With the end of the Nine Years’ War in 1603, O’Dubhda territory, like that of other “rebels”, could have been in jeopardy, but for the reluctance of King JamesVI & I to be too harsh, and the Treaty of Mellifont left things as they were. Donal O’Dubhda, brother of Tadhg Bui, looked after the interests of Daithi Rau’s son, David while he was a minor and studying at Trinity College. After David came of age, the family formed into two distinct branches, the descendants of David using the surname O’Dowda, and those of Donal using O’Dowd. In 1656, there was a reunion as David O’Dowda married Dorothy O’Dowd. Meanwhile, the Dublin branch of the family, that had moved away in the mid-15th century, had become influential in the capital. As merchants, they traded with England, reaching Chester and even London. In 1626, when Dublin merchants wished to bring their grievances to the attention of King Charles I, it as Alderman John Dowd who was chosen to present their case. The following year, Francis Dowd was elected Sheriff of Dublin and Master of the City Works. During the early part of the century, the govrnment was happy to assist those wishing to emigrate and landowners often raised troops to fight for European rulers. In 1629, Col. Edward Dowd raied a regiment to fight for the King of Spain, but en route for the coast, decided to attempt to sack the City of Derry. His attack failed and he was hanged.
War of the Three Kingdoms
When the argument between King Charles and his Parliament was about to break into open war, the Irish staged a pre-emptive strike and seized control of some parts of the country. Tadhg Riabhach O’Dowd was in command of the garrison at Sligo in 1642, and, as a Lieutenant-Colonel was the officer who surrendered Ballymote Castle to Cromwellian forces in 1652. His family settles in Swinford, Castlebar, Belfast and Loiusburgh, where they have maintained their family tree. In 1646, the members of the Confederate Catholics who met at Kilkenny included Edmund O’Dowde of Porterstown and Thady O’Dowde of Rossburr, in their ranks. The Commonwealth period saw the transplantation of Catholics from all over Ireland into Connacht. David O’Dowda was dispossessed of his estates in Sligo and moved to a small estate in Bonniconlon, while Donal O’Dowd was forced to go to Killeaden. It was this that ended the O’Dubhda ownership of territory in Tireragh that had been in the hands of the clan for almost a
When King James VII & I was deposed in England, he turned to Ireland for support, and the Earl of Tirconnell gathered an army to assist him. Several O’Dubhdas enlisted, most of them in the regiment of the Earl of Clanricarde. Where the original muster roll shows only one, an Ensign David Dowd, later musters show 4, a Captain, a Lieutenant and 2 Ensigns, and it is known that three of the sons of David and Dorothy served in the regiment. The eldest, David, who was noted for his height, was killed in the battle at Oldbridge on the Boyne (1691); James fought at Athlone and was killed at Aughrim (the sword having to be filed from his hand, which was swollen from his exertions) in 1691: Tadhg survived and was listed as an outlaw in the Act of Attainder of 1696, and left to serve as one of the “Wild Geese” in the army of Louis XIV, and died in France in 1737. Jane, the sisterof these men, married Marcus Keating, and her son became a member of the French nobility. Another clansman, John Dowd, is listed as Captain of Grenadiers in Sir Michael Creagh’s Regment. After the Boyne, this unit withdrew to Dublin and spied on the Williamite forces for several weeks before being discovered: although there is no record of what happened to John. The Acts of Attander of 1696 mention two O’Dubhda, other than Tadhg: these are Charles Dowd of Grangebeg, and Faghery Dowd of Bally-Faghery. The Williamite conquest brought an end to most of the Catholic landowning families, and many of the ablest young men left for service abroad: France, Spain and Austria were only too happy to recruit Irish soldiers into their amies – the “Flightof the Wild Geese” had begun.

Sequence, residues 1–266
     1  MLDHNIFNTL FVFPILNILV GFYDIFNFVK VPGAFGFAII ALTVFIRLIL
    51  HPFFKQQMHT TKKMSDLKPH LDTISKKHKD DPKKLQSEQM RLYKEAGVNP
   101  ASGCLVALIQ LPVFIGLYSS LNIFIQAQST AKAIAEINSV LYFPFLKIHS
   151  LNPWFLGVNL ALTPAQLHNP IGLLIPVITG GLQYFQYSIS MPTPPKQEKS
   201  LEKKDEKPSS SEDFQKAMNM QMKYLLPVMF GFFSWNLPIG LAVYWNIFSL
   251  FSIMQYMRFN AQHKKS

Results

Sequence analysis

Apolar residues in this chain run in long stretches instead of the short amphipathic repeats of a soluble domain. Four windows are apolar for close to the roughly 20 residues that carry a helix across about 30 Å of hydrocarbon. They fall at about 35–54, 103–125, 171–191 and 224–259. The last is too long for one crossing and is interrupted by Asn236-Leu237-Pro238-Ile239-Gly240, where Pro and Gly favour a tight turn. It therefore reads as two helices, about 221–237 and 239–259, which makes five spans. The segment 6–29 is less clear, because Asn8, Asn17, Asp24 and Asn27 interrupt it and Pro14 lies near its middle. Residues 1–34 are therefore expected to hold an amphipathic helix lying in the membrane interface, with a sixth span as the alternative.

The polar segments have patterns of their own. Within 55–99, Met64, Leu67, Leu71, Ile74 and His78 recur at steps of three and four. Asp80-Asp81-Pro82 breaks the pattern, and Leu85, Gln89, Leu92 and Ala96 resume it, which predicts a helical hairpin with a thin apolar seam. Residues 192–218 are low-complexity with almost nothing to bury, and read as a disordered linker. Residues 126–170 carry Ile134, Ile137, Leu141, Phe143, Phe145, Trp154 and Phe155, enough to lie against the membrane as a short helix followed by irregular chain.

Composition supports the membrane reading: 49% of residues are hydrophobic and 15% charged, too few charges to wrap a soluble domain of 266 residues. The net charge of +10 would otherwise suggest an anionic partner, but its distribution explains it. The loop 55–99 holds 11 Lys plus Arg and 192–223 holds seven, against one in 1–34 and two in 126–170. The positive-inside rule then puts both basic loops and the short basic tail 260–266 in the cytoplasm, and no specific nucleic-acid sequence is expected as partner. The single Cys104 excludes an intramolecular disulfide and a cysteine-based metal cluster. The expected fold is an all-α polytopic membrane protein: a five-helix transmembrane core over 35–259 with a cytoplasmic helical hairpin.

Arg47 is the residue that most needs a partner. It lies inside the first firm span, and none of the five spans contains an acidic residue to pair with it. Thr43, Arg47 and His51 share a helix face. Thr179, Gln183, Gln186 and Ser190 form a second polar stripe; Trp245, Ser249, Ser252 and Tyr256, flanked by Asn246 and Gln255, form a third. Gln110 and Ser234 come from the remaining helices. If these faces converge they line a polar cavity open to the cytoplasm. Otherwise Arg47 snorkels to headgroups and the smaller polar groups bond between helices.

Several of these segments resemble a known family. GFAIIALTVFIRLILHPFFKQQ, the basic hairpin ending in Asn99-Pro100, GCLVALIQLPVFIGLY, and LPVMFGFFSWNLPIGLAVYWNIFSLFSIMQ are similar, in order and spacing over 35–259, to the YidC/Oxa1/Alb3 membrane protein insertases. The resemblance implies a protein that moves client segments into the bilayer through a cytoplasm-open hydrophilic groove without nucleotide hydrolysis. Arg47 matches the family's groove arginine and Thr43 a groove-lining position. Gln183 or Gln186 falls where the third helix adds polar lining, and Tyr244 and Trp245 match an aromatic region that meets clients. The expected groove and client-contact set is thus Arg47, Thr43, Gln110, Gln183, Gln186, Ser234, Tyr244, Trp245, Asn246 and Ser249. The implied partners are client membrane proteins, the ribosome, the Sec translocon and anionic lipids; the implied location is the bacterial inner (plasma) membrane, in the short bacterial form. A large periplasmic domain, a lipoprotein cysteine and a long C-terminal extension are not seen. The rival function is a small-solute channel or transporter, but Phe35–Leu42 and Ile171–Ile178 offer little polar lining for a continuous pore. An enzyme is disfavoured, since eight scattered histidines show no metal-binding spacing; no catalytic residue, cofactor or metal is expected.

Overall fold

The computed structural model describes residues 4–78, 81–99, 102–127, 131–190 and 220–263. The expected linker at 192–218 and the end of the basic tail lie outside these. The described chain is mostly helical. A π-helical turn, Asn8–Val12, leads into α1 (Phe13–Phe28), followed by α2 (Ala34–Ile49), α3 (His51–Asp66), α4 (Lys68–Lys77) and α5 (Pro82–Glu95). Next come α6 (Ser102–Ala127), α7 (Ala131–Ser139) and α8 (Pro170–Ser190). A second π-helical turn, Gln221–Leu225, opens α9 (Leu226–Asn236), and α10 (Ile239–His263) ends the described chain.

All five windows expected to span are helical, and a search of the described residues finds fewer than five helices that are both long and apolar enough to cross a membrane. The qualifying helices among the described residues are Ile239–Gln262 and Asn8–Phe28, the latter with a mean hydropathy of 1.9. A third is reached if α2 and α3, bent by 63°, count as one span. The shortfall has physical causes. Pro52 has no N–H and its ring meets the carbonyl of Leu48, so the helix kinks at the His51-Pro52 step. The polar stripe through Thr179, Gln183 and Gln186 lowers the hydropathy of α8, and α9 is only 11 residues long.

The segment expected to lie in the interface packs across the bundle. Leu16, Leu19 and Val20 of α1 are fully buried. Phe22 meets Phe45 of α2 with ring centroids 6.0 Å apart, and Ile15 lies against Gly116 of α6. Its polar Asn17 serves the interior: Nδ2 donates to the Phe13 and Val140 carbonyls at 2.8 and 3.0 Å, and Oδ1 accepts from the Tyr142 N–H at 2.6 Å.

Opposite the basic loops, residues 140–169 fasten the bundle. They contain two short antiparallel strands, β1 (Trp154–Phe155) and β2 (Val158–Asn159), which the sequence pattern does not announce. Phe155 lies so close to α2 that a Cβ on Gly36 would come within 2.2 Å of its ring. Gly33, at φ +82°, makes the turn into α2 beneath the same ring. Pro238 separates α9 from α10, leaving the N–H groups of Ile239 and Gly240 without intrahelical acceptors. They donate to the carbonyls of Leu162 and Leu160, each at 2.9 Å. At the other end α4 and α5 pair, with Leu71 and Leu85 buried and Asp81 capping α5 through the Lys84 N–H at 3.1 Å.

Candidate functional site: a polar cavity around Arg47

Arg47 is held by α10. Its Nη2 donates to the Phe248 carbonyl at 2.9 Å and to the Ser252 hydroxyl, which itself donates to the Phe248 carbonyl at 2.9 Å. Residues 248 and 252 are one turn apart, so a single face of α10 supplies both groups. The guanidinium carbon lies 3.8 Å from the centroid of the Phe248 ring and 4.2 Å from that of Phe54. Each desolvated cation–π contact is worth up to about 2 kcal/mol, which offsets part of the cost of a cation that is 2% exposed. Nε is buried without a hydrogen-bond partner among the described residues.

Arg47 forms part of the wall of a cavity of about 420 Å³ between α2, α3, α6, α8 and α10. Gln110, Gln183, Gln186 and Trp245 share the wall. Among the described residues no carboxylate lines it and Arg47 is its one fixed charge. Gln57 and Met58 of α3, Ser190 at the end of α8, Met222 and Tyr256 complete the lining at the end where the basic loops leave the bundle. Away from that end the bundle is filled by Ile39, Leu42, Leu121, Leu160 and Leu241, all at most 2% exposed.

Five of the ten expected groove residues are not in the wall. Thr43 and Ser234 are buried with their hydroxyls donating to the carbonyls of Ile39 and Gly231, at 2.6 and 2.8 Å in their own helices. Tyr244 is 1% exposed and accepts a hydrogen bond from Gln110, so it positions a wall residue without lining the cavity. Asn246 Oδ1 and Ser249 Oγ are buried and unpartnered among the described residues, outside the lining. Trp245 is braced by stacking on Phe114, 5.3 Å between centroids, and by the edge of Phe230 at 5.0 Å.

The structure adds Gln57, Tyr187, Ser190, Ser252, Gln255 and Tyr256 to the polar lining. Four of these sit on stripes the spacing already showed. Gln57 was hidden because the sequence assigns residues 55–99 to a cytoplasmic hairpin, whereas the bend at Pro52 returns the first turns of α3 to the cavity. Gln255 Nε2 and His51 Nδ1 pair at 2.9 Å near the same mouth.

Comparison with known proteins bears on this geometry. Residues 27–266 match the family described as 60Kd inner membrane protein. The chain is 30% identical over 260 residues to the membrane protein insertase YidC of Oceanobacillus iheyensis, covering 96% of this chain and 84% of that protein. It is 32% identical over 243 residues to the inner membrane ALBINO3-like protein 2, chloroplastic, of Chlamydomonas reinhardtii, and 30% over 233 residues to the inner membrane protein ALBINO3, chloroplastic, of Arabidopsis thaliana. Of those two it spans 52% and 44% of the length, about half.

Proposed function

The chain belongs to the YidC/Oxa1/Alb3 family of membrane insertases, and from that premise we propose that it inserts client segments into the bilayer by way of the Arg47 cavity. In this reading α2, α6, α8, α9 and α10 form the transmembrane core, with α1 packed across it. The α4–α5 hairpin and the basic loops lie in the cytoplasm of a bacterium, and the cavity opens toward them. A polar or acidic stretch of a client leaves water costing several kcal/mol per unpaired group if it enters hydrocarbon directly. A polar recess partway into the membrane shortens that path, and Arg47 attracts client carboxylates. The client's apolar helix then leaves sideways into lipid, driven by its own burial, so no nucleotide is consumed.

The O’Dowda’s of Bonniconlon
The year they were married, David and Dorothy O’Dowda had been compelled to re-settle in Bonniconlon in Mayo, an area that still had connections with the old Ui Fiachrach: for a time it was called O’Dowdastown. Their younger sons, Dominick and Francis lived there with them. Dominick married Ellice Dillon and had three sons. David inherited the Bonniconlon estates on the death of his father in 1737, while the younger sons left for foreign service. James served in the French army and died without issue. Thady enlisted in the Austrian army reaching the rank of Lt. Colonel. He married Antonia, the daughter of Baron Vippler and had two sons, James and William. When David O’Dowda died, his nephew, James Vippler O’Dowda returned from Austria and became The O’Dowda, and later inherited the title, Baron Vippler. In 1798, he raised a company of 200 men from his estates and joined the French invasion force led by General Humbert. When the rising ended at Ballinamuck, he was executed as a rebel. Right: Maureen O’Dowd (Australia) and Gertie MacHale (Enniscrone) at the O’Dowda Tomb. His wife, Temperance Fitzgerald, brought up their two sons, and the elder, Thady became The O’Dowda, but during the Great Famine he refused to collect rent from his people and, facing bankruptcy, was forced to sell the estate in 1854, and leave to live with his son Dr James Vippler O’Dowda in Dublin, thus ending the association of his family with the ancestral lands.